Letter to the Editor: Job interview questions for Tom Tiffany 

By Lisa MaKarral

September 27, 2016

To the editor:
1. Mr. Tiffany, you received $75,000 from Gogebic Taconite to push their mining bill through, gutting Wisconsin’s long- held environmental laws and regulations. Have you ever met a pristine wilderness or ecosystem that you didn’t want to strip mine or frack, a tree you didn’t want cut down, or a wetland you didn’t want to fill in, if the price is right?
2. You’ve received thousands of dollars from hunting lobbies. In exchange, you’ve pushed for Wisconsin to become the only state that allows hunting wolves with hounds, one of a very few states allowing harassment of bears and other wildlife with hounds (in training) and the only state that pays hounders for their dogs killed by wolves during the harassment of said wildlife. Wisconsin taxpayers pay hounders $2500.00 for each dog attacked and killed by wolves, regardless if that hounder runs his dogs through DNR-designated wolf areas. We also pay for the cost of veterinarian care if the dog manages to survive the attack. Heck, you don’t care if a hounder gets a dog from an animal shelter and deliberately arranges to get it killed for a check. We’ve had 40 dogs killed so far this year, or $100,000.00 in tax payer dollars, not including the vet bills of dogs injured. Mr. Tiffany, can you please tell me the difference between Michael Vick fighting and killing dogs and what you champion, besides Vick serving 18 months in prison for it and not sending you a check?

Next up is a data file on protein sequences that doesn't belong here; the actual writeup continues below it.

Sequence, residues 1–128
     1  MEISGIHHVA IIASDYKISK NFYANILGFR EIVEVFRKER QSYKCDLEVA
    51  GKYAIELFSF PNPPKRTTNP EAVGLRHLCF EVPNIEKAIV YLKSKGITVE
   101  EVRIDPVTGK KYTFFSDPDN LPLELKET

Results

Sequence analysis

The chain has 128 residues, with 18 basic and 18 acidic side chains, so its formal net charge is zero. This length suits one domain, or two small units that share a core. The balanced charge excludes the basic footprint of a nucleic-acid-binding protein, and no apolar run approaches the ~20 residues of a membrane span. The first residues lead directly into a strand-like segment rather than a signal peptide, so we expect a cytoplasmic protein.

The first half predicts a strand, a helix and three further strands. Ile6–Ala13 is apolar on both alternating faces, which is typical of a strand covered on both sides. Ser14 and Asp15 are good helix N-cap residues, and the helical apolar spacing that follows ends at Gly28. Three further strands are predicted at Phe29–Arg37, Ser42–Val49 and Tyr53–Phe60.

3. Do you require hounders to take a drug test before receiving their blood payments?
4. You led the layoff of scientists at the DNR, since you don’t believe in climate change or much of anything in the way of science. CWD in deer has increased from 1.46 percent in 2008 to a record level of 9.4 percent today. How’s that anti-science thing working out for you and Wisconsin deer hunters?
5. How is it that a “small government” Republican like you has done everything possible to take local control away from our elected town and county boards in an attempt to fit the Northwoods into a one-size-fits-all puzzle, that includes Milwaukee and Madison?
6. Since 2010, you have voted to cut $24 million from public schools in the 12th district while supporting sending millions to private schools in Milwaukee, expanding voucher programs and giving a tax break to millionaires who already send their children to private schools. Is it a coincidence that an organization promoting voucher and religious schools has purchased $230,000 in ad time for you in this election year?
7. You stated you wear The League of Conservation Voters grade of an F as a badge of honor. How does your “badge of honor” fit into what we, living in our beautiful Northwoods, hold dear?
8. Besides questions 1 through 7, why else did you vote to gut Wisconsin open records laws?
I’m sorry Mr. Tiffany, you’re not a good fit for this position and we’ll have to go with the other candidate.
Source
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Featured image John E Marriott

Wolves, bats & dirty politics – the ESA was designed to protect species and the ecosystems on which they depend.